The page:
SEABRA: There’s a columnist named Dave Barry. He’s an author. He writes humor columns, but he also wrote Peter and the Starcatchers. I love Dave Berry. I grew up reading his work. He’s got like a bunch of books. He’s always telling quirky stories about his life, but he always makes it really funny. When I was really young, I’d like to copy his style — I’d write essays, columns about my life and make them really funny and read it to my family. I really like the Lord of the Rings Trilogy. It’s probably one of the finest writing ever done.

Q: What is your favorite part of seeing people using your lyrics to interpret their stories on Tik Tok?

SEABRA: A lot of my songs were written in a deeply distressed state, a very lost place. I have a song called “Broken” and I remember just feeling so fucked up. Just feeling “am I the only person who feels like a shell of my former self?” I was completely lost. I think seeing people do things with the song and relate to stories is really good for me because it makes me feel like my suffering wasn’t in vain. Now I’m in a better place and I have more perspective in what was going on with my life when I wrote those songs, and I know that no way I was alone, but I would say most people probably felt that way on some degree and they just don’t have the clarity to maybe articulate in the way I did, so I guess seeing that I’m helping people in a way.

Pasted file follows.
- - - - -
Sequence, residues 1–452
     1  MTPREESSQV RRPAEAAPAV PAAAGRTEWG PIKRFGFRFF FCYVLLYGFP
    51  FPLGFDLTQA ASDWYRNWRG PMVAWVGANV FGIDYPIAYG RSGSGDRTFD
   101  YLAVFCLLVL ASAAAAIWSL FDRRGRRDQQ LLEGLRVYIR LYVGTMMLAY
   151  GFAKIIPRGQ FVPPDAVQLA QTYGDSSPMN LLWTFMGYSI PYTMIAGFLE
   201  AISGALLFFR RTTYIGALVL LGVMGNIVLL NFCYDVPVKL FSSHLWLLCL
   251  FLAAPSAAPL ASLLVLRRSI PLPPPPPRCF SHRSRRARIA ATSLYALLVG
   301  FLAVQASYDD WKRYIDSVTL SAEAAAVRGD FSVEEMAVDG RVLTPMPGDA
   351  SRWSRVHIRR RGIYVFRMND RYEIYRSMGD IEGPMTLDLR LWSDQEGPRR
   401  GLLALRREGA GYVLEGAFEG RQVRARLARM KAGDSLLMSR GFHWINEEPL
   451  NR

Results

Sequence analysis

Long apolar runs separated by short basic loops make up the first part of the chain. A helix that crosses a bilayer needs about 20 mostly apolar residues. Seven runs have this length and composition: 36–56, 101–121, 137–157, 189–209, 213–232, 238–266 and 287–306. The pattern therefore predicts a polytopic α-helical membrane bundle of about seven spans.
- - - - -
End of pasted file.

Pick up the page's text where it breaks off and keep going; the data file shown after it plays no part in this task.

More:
Q (When I Make It To LA): Have you ever been tense about displaying so much vulnerability in your music?

SEABRA: Definitely. I have a song called “Lucky Charms” on the EP that just came out, and the lyrics is literally “I hate myself but I don’t want to.” And if I play that, I gotta sing it in a room of 500 people. I was just thinking about that — I have to put on a show and sing “I hate myself” in front of 500 people, and I don’t think people want to hear that. I don’t think they want to look someone like me in the eyes and confront the idea that seemingly “normal” people might have more nuanced ideas about themselves, and obviously that song was written at a different time, but I still think it’s still important to put out. I still have reservations about it and sometimes I listen back to songs I wrote and I think, damn that’s a sad song. I don’t regret putting out any of the songs because they speak for themselves. When I wrote those songs, I was a different person, but someone has to say it.

Q: Is any of your songs particularly hard to write?

SEABRA: “Lucky Charms” was pretty hard to write. It’s an honest song. I remember going through a lot of therapy and doing a lot of introspection and just reaching to a point that I realized I hate myself, like I really do hate myself. I think it’s the disease of humanity today is to hate yourself. I think most people don’t actually like themselves, and most people are just kicking the can down the road, hoping one day they’ll wake up and they’ll feel like they’re good enough and whole, but I think I was blessed and cursed to wake up from my own delusion very early in life. That song is about to realize that I really didn’t like myself very much.